Urban Wire Is Student Loan Forgiveness an Effective Form of Economic Stimulus?
Matthew Chingos, Donald Marron
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A graduate wears a lei made of dollars

The economic crisis sparked by COVID-19 has reinvigorated a long-standing argument that forgiving student loan balances could help stimulate our wounded economy.

There are good reasons for Congress to relieve the burden of student loan payments during the pandemic, building on the six-month pause in payments included in the Coronavirus Aid, Relief, and Economic Security (CARES) Act. But evidence suggests canceling student loan balances would not be a cost-effective form of stimulus and would direct the most benefits to higher-income households. Congress can get more bang for its buck by targeting financial support to families most in need who are most likely to spend.

Forgiving student loan balances provides weak stimulus because most financial savings to borrowers show up in the future. A borrower paying off $30,000 of student loans—roughly the average amount for a college graduate—over 10 years would have a monthly payment of about $300. Forgiving $10,000 of that debt would free up $100 a month for the borrower to spend over the rest of the decade.

That long tail of payment reductions would do little to boost spending during the next year or two. Some borrowers might be more comfortable dipping into savings or taking on other kinds of debt, such as car loans and mortgages. But the immediate benefits would be modest, especially compared with sending each borrower $10,000 that can be spent right now.

In addition, many borrowers make payments based on their income, not their loan balances, by using income-based plans that limit student loan payments to a fraction of income (generally 10 percent). For these borrowers, moderate reductions in loan balances would generally not lower their monthly payments and would thus have no immediate stimulus effect. Any benefit would come later, in the form of paying off the loan sooner. Borrowers who pay nothing on their loans (because their income-based payments are zero or they are unable or unwilling to pay) would get no immediate benefit and would thus generate no direct stimulus. Some of these borrowers might spend more because their future loan payments are lower, but any effect would be spread over the remaining life of their loans. 

Loan forgiveness is not well targeted at people most likely to spend. By definition, student debts are owed by people who attended college and, in most cases, graduated. Many of these people are struggling in today’s economic downturn. On average, though, they are doing better than people with less education. Households with graduate degrees hold nearly half of all student debt, despite making up only a quarter of households. On average, people with graduate degrees earn much more than people with less education. But evidence consistently finds that people with low incomes and income declines are the most likely to spend new resources. If policymakers want to stimulate the economy, they would do better providing financial assistance to low-wage essential workers than highly educated young professionals Zooming from home.

Student loan cancelation could be more targeted by wiping out the debts of borrowers with the lowest incomes or those who rely on safety net programs. There is compelling evidence these borrowers are most likely to struggle with their loans, despite having relatively low balances. This approach may be worth pursuing, but not on economic stimulus grounds because the benefit would be spread out over a long period of time.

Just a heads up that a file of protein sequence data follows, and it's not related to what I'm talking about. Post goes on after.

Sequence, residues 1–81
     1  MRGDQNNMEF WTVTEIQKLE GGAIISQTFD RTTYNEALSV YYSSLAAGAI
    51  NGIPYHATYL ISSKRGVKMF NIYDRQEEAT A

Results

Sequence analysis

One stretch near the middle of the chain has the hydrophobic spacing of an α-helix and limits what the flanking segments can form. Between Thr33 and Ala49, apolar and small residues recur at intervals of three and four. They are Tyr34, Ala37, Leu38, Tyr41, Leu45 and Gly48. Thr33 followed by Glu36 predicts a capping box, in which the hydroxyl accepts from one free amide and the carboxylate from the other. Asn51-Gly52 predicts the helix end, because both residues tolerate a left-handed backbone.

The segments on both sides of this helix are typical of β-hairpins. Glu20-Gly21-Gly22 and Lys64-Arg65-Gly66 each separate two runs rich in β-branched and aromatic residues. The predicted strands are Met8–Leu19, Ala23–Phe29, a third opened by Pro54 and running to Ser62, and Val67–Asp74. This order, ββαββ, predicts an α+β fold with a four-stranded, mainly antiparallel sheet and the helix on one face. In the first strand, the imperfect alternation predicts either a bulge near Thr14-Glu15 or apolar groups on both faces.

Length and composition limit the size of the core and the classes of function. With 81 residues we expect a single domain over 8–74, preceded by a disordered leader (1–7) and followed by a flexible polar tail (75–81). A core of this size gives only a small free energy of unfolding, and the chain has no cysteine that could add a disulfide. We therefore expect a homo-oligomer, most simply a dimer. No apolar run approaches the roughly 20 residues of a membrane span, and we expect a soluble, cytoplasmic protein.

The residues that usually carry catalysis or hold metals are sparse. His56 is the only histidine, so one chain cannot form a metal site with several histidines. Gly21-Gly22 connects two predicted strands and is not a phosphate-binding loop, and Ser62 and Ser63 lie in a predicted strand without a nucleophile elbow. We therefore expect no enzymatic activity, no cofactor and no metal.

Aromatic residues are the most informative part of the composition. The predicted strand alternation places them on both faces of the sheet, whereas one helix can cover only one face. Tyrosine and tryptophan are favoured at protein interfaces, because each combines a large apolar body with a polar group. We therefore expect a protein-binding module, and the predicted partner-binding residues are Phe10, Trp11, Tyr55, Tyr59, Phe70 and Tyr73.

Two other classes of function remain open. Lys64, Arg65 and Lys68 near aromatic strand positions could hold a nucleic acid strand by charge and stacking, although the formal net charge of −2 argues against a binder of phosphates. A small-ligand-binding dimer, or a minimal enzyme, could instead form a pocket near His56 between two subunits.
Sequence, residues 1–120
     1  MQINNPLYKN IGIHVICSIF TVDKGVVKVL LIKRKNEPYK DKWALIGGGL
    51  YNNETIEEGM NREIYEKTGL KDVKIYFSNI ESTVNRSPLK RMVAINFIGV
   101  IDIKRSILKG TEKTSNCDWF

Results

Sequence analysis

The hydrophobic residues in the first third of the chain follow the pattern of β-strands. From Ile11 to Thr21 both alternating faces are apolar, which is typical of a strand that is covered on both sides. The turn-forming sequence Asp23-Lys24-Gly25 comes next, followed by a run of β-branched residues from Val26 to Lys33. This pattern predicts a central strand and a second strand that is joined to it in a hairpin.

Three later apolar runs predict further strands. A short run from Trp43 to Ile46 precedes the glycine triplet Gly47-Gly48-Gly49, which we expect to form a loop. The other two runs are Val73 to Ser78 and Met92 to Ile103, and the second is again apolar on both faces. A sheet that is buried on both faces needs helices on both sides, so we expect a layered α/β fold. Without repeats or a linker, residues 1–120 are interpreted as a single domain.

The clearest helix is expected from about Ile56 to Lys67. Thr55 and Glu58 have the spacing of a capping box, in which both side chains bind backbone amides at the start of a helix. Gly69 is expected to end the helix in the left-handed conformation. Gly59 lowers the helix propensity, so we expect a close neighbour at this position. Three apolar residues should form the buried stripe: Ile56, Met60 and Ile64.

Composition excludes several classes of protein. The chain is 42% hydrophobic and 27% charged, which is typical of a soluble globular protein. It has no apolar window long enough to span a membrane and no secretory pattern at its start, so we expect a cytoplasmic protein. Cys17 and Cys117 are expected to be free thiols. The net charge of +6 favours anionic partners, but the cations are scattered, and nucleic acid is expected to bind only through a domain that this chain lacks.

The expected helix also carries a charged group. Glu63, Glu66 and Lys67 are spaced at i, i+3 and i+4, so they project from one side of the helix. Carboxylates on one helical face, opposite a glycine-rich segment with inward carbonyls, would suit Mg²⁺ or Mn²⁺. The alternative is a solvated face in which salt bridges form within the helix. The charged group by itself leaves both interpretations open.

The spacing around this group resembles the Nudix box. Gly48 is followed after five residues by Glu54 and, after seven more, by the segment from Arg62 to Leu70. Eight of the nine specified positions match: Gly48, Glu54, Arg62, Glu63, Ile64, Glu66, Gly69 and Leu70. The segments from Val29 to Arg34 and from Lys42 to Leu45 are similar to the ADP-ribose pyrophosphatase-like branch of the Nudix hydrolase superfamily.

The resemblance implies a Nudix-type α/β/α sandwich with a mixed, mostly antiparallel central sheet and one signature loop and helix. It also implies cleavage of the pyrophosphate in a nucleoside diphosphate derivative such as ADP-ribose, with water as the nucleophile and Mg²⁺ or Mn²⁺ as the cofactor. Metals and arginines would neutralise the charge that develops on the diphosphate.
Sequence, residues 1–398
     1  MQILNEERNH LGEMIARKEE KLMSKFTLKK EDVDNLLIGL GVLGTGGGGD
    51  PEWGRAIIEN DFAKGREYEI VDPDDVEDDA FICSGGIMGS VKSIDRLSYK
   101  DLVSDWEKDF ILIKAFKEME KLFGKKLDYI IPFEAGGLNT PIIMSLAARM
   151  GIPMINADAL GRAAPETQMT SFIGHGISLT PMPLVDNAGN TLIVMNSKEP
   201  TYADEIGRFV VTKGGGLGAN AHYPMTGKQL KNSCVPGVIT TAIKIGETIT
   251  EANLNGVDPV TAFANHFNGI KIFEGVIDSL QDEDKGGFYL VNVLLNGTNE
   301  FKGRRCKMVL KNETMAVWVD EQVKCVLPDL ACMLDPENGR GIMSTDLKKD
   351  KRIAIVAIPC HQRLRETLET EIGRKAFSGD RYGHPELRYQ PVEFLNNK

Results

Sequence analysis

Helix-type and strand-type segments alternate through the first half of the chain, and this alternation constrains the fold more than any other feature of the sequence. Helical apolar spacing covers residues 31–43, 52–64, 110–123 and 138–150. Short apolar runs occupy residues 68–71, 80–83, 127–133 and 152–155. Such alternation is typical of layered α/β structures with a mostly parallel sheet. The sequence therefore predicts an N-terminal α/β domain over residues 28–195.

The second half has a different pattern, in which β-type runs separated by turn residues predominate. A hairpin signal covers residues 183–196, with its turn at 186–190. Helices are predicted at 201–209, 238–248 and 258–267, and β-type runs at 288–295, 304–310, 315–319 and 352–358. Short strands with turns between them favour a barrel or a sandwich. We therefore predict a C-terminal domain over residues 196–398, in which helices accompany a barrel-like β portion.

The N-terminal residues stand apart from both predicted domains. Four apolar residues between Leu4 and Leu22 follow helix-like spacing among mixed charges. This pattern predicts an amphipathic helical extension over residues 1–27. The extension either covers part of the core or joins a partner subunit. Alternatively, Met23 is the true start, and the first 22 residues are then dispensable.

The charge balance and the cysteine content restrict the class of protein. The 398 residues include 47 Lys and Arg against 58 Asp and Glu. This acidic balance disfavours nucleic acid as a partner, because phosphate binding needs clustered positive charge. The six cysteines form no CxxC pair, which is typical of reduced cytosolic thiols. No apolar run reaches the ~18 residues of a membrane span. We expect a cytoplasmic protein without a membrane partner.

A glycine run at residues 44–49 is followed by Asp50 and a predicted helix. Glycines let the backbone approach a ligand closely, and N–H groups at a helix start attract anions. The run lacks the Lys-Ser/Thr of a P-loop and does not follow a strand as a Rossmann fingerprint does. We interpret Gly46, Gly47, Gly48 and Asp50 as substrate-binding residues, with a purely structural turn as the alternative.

Another strategy is to focus assistance during times of economic weakness. The CARES Act, for example, suspends federal student debt payments and waives interest accruals through the end of September. Congressional Democrats have pushed to extend that suspension. This eases cash-flow pressures during the suspension but does not reduce overall principal balances. Pausing or forgiving payments provides stimulus more cost effectively than forgiving loan balances because only short-term relief is provided, without the cost of forgiving balances that would be paid off years in the future. In principle, either of these approaches could be targeted to people with low and moderate incomes.

Even with these adjustments, forgiving student loan payments raises hard questions. If the goal is providing economic stimulus, why should a person with $30,000 in income and $1,000 in annual student debt payments get assistance while a person with $29,000 in income and no student loans gets nothing?

The CARES Act provided $1,200 payments to more than 90 percent of Americans, regardless of whether they have student loans. If Congress decides to provide additional economic stimulus, it could build on that structure, perhaps by focusing on people with lower incomes. Congress could also extend expansions in unemployment insurance, which provide benefits specifically to people who have experienced a drop in earnings.

Canceling student debt outright is a weak strategy for fiscal stimulus because it provides a slow drip of benefits over a long period of time. Forgiving payments during a limited time would be more cost-effective as stimulus, but it still raises concerns about targeting and about overlooking Americans who face similar economic challenges but do not have student debt.  


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Research Areas Education Economic mobility and inequality Taxes and budgets
Tags COVID-19 Fiscal policy Higher education Federal budget and economy Paying for college Federal tax issues and reform proposals
Policy Centers Center on Education Data and Policy
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